(2) Limited Partnerships — Defendant purchased six limited partnerships during the course of the marriage.
(3) Dreyfus Gold Deposits — Defendant purchased an investment called “Dreyfus Gold Deposits”.
(4) Bagged Silver Coins — Defendant purchased these coins in 1981-82.
Defendant presented evidence showing that he purchased or inherited thirty-one different stocks prior to his marriage, and that at the time of the separation of the parties, he retained ownership of only three of the original stocks. He contended that the resulting assets that were presently owned at the time of separation were actually traceable to the three inheritances, one prior to his 1960 *324marriage to plaintiff, and two additional inheritances, one in 1969, and the other in 1975.
The evidence included testimony by the defendant, records, reports, and stipulations by the parties, as well as the testimony of an expert witness retained by the parties to review the transactions in the disputed accounts. The evidence tended to show that the defendant traded and invested from the “Vantage” and the Merrill Lynch accounts in both inherited and newly purchased stocks and investment ventures; that he opened an account with First Citizens Bank in 1972 and again in 1975; that with proceeds from dividends and the First Citizens account he opened the IBM Credit Union account, and thereafter, in 1981 established a checking account at Wachovia Bank & Trust, using funds from the IBM Credit Union account. With funds from the IBM and Wachovia accounts, he purchased the lots and building on Margaret Street. Similarly, he purchased the six limited partnerships as well as the Dreyfus Gold Deposits investments and bagged silver coins with funds from those accounts.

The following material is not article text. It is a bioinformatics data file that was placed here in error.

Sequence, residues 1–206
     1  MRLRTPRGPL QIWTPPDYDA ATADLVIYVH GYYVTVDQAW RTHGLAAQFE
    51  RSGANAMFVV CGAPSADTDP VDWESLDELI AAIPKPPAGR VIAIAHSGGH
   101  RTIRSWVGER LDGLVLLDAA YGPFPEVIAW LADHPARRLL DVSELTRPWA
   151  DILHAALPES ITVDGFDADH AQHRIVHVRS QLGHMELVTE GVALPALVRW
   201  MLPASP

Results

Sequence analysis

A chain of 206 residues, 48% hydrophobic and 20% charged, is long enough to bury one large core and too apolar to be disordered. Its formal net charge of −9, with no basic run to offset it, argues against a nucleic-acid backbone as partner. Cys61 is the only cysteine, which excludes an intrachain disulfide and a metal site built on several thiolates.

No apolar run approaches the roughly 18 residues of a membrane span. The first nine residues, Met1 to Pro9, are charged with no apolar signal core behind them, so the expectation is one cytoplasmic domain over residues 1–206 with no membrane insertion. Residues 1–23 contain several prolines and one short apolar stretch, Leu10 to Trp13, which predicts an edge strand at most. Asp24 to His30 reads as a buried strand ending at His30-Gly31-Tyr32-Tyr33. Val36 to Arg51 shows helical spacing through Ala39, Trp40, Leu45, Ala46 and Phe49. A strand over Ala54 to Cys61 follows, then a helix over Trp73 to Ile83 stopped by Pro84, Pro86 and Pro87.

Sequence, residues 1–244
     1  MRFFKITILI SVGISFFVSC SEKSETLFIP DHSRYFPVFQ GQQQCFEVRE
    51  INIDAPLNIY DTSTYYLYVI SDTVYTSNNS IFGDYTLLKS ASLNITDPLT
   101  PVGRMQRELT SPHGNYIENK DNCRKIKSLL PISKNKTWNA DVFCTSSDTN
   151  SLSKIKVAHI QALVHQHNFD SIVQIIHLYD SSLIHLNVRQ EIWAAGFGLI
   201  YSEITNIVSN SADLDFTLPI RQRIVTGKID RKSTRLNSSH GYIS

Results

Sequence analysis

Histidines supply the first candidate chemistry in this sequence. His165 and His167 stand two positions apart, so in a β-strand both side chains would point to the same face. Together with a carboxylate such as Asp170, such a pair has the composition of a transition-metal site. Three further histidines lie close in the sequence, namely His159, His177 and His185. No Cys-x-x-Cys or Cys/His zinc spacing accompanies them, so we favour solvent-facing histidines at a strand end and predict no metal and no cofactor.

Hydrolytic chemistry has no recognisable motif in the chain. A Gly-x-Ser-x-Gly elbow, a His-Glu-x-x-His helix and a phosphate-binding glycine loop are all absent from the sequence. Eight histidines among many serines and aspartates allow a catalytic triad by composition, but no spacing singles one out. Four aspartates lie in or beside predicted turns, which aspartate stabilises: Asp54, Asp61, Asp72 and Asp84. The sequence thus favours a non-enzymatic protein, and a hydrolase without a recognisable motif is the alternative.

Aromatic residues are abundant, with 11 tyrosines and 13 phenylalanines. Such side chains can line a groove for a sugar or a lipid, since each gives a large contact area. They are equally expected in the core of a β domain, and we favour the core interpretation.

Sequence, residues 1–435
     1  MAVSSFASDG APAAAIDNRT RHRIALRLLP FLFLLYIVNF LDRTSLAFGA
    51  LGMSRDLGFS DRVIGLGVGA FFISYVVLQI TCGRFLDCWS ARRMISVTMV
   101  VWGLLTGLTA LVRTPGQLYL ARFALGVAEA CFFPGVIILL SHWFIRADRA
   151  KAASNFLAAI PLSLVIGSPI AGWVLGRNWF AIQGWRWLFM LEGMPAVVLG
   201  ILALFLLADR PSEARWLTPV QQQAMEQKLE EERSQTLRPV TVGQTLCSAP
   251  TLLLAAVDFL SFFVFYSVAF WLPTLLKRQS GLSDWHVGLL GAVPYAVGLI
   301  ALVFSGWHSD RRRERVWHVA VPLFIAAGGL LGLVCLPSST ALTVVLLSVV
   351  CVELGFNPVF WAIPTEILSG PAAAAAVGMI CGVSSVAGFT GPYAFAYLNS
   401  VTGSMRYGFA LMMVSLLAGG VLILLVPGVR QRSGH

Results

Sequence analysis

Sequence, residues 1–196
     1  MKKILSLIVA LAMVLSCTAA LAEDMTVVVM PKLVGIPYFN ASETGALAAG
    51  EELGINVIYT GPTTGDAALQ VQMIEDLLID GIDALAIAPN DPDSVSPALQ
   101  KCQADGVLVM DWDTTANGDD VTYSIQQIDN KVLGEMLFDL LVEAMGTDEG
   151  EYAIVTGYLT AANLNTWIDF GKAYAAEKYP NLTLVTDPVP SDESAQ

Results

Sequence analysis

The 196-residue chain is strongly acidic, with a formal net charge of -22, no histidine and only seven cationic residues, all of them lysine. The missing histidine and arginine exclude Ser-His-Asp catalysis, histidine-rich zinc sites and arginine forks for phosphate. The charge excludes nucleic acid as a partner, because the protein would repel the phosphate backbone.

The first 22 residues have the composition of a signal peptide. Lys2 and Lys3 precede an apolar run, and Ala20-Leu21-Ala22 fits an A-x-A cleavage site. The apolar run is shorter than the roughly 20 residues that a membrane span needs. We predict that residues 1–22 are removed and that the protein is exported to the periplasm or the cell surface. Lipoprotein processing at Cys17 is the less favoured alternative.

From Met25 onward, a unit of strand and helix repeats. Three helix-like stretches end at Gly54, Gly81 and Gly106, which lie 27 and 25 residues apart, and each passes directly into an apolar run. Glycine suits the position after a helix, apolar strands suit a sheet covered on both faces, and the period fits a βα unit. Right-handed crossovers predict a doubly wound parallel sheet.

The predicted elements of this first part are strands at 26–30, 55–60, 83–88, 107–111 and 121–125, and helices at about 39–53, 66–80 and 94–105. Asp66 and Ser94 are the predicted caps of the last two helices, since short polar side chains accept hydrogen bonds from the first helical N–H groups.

At the close of all the evidence, the trial court found that:
“With respect to defendant’s above-mentioned Wachovia Bank and Trust Company checking account, IBM Credit Union account, Vantage account, Smith Barney IRA account, Merrill Lynch account, Shearson Lehman account, Dreyfus Gold deposits, and Bagged Silver Coins, defendant failed to trace said assets to a non-marital source of funds or property. In addition, defendant comingled marital assets and funds in the above mentioned Wachovia checking account, IBM Credit Union account, Vantage account, and Merrill Lynch account. Defendant failed to meet his burden of proving that the assets set forth in this paragraph are his separate property, and the Court finds that said assets are marital property.”
The court further found that the
“real estate located on Margaret Street was deeded to the defendant, individually, during the marriage of the parties. Defendant failed to trace said the [sic] Margaret Street property and the funds used to purchase said property to a non-marital source of funds or property. Defendant failed to meet his burden of proving that the Margaret Street property is *325his separate property, and the Court finds that the above-described Margaret Street commercial real estate is marital property.”